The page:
I am nearing the time when I need to take continuing training in order to maintain my yoga teaching certification. Difficult to schedule, perhaps, but not difficult to find – there are still hundreds of things I’d love to know more about – if anything, there are far more trainings than I have time for. However, I was thinking the other day that the first few years of teaching yoga should count as some sort of training in themselves – because nothing has taught me more about yoga than teaching yoga.
Yoga is intensely personal – no matter if you’re in a class of 50 or a private class, where you are is where you are, and yoga must meet you there. The most amazing thing about yoga, I think, is that it always does. No matter where you are, yoga can be right there with you, supporting you and helping you to excavate deeper and deeper into your self to teach you what you need to know. Hyper-flexible? Yoga will admire that, but teach you that flexibility requires strength. Impatient? Yoga will offer lots of quick rewards, all the while holding out on some things. Goal-oriented? Awesome, you’ll be doing peak poses in no time, but you’ll realize that’s not the point.
As a teacher, it’s hard to hit your stride. It’s hard to sort out for yourself what sort of teacher you are – and no matter how many teachers you’ve had, or how much you’ve learned from them, you’re on your own when it’s your class. And it’s startling to learn whether or not you like teaching, where your strengths and weaknesses as a teacher are, and what you really think about yoga.
I’ve been teaching yoga weekly for nearly 2 years, and I feel pretty comfortable, now. But here’s the truth: you can’t teach yoga. You can guide yoga, you can offer yoga, you can model yoga, you can demonstrate yoga, you can talk yoga, you can explain yoga, you can report on research about yoga – but teach yoga? Nope. If you’re trying, though, you will find every place where you are challenged by yoga. Every place where you are unsure, every place where you don’t understand as well as you thought you did, every place where you were flat out wrong. And that’s okay. In fact, that’s yoga.
We ask our students over and over and over again to be true to themselves – to be honest about where they are, recognize sensations, play on the edge, challenge themselves, be open, give themselves a break, stop comparing, and just be. And I’ve learned more about how to do that by trying to teach yoga than I did in the decades I practiced beforehand.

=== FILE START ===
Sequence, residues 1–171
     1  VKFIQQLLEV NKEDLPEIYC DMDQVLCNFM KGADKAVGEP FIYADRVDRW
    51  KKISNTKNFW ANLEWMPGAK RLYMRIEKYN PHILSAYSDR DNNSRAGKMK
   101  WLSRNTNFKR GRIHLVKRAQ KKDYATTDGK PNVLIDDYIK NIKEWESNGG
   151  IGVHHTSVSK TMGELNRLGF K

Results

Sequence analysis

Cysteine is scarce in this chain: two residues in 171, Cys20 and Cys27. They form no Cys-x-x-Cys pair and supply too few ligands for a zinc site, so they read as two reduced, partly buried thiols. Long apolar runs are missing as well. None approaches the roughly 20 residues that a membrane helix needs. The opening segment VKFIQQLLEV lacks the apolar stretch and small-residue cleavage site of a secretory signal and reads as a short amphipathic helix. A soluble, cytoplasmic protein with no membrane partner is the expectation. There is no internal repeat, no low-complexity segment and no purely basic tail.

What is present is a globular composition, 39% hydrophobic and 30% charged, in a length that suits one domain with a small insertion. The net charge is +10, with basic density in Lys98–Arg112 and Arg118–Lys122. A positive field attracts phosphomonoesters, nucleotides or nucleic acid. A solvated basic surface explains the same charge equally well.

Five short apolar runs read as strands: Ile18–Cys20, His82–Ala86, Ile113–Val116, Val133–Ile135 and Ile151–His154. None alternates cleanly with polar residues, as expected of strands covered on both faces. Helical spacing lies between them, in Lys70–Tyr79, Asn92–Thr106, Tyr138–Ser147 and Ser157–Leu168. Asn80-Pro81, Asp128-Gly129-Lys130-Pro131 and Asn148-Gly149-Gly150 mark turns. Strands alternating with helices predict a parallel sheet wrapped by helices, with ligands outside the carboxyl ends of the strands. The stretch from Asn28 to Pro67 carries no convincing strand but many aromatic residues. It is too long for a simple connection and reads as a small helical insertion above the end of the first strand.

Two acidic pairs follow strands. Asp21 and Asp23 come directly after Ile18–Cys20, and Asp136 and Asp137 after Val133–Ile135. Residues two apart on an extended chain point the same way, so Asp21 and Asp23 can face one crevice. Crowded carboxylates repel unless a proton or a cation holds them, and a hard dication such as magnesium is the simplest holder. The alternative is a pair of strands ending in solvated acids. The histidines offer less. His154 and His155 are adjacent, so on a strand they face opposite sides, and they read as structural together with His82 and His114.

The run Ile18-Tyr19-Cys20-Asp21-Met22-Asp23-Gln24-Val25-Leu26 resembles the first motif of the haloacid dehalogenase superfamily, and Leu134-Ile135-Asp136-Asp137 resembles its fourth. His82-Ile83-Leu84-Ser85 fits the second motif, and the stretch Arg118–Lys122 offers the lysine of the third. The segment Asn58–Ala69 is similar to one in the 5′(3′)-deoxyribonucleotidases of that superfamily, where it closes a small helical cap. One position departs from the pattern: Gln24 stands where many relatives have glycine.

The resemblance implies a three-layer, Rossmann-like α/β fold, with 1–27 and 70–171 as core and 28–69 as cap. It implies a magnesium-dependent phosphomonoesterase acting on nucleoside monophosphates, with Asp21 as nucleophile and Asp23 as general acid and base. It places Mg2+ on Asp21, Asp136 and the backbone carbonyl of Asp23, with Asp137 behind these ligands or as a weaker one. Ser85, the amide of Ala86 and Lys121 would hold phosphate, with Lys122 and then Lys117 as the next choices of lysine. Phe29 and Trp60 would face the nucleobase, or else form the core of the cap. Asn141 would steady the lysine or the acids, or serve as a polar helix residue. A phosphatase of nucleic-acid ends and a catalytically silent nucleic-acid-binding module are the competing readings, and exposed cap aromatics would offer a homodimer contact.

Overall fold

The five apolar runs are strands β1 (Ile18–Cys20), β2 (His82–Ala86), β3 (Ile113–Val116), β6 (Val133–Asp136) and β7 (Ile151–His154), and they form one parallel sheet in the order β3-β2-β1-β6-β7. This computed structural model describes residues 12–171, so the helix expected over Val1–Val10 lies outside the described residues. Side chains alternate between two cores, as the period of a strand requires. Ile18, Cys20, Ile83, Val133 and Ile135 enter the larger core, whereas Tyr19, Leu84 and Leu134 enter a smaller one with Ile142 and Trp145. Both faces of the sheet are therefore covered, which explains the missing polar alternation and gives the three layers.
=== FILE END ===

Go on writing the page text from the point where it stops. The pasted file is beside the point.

A regular in one of my classes made a point of telling me the other night that he really liked the class we’d just done. He was beaming and his eyes lit up with happiness. And I was so pleased that it had connected with him – so happy to see him so happy – and immediately I started to think about how the class had been constructed and whether there was something that I could do more of in order to give him that experience more often. And then yoga caught up with me and I stopped. Because that class hadn’t been a class I’d normally do – it was done in order to incorporate something another student had asked about – it was a far more traditional Iyengar style class than I’d usually teach. Which is the style that he likes. And in order to make him that happy more often, I’d have to teach something that isn’t really my thing. I’m all for it sometimes – it’s fun to have students request things – I research, I plan, and we try it together – and we both learn something. But all I can offer with any consistency is me – what I bring to the mat as a ‘teacher’ is the same thing I bring as a student: myself. And no matter what anyone else favors or wants or does, all I can offer is me. Yoga taught me that.
I don’t think any of us are yoga teachers. Some of us are yoga models, some are yoga demonstrators, some are yoga explainers, some are yoga guides, and on our best days – those days that we are living the practice – all of us are yoga facilitators. It’s called a practice for a reason – yoga itself is the teacher, and we all always have more to learn.
Copyright 2017 Heather Elliott. Used with permission.